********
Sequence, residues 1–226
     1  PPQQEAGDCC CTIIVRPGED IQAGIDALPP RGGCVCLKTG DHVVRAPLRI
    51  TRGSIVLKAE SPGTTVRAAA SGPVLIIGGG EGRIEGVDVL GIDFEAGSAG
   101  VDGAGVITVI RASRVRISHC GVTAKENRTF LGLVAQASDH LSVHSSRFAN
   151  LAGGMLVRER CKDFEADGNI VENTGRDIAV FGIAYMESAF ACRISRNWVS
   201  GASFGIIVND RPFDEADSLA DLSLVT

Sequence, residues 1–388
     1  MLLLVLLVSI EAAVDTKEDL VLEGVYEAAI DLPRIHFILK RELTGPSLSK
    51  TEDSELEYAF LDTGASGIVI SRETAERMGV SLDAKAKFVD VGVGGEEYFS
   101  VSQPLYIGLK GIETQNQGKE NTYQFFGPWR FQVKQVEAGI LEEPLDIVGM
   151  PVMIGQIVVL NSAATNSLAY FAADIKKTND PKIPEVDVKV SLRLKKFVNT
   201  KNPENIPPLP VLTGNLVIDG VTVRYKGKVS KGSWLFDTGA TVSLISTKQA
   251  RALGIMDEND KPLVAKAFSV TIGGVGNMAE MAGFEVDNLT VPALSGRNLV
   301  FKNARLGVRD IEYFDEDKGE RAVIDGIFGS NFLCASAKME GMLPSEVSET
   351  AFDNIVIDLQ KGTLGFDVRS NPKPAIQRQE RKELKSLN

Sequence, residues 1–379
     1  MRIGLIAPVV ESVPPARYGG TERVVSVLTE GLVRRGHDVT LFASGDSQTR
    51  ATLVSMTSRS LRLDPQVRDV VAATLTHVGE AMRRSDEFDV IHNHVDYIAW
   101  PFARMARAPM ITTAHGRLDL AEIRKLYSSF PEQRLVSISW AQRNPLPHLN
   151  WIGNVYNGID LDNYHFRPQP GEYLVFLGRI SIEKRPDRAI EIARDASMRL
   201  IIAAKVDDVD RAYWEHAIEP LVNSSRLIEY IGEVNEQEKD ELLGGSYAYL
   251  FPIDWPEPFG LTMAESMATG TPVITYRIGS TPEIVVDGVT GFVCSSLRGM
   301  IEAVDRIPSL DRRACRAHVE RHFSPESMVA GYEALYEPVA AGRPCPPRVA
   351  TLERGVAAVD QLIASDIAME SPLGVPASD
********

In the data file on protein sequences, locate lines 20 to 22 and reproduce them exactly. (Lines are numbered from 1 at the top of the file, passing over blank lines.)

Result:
   151  WIGNVYNGID LDNYHFRPQP GEYLVFLGRI SIEKRPDRAI EIARDASMRL
   201  IIAAKVDDVD RAYWEHAIEP LVNSSRLIEY IGEVNEQEKD ELLGGSYAYL
   251  FPIDWPEPFG LTMAESMATG TPVITYRIGS TPEIVVDGVT GFVCSSLRGM